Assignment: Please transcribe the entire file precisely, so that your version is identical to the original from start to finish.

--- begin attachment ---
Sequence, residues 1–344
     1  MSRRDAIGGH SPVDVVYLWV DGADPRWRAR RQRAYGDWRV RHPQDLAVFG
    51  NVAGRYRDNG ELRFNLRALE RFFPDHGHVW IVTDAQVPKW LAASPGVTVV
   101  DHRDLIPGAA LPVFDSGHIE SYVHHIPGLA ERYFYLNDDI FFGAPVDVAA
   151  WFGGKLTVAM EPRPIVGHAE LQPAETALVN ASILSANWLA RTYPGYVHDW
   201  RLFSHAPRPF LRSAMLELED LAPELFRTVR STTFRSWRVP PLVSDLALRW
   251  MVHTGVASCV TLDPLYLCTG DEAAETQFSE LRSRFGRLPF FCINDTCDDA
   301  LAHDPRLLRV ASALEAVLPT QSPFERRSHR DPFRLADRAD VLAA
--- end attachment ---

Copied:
Sequence, residues 1–344
     1  MSRRDAIGGH SPVDVVYLWV DGADPRWRAR RQRAYGDWRV RHPQDLAVFG
    51  NVAGRYRDNG ELRFNLRALE RFFPDHGHVW IVTDAQVPKW LAASPGVTVV
   101  DHRDLIPGAA LPVFDSGHIE SYVHHIPGLA ERYFYLNDDI FFGAPVDVAA
   151  WFGGKLTVAM EPRPIVGHAE LQPAETALVN ASILSANWLA RTYPGYVHDW
   201  RLFSHAPRPF LRSAMLELED LAPELFRTVR STTFRSWRVP PLVSDLALRW
   251  MVHTGVASCV TLDPLYLCTG DEAAETQFSE LRSRFGRLPF FCINDTCDDA
   301  LAHDPRLLRV ASALEAVLPT QSPFERRSHR DPFRLADRAD VLAA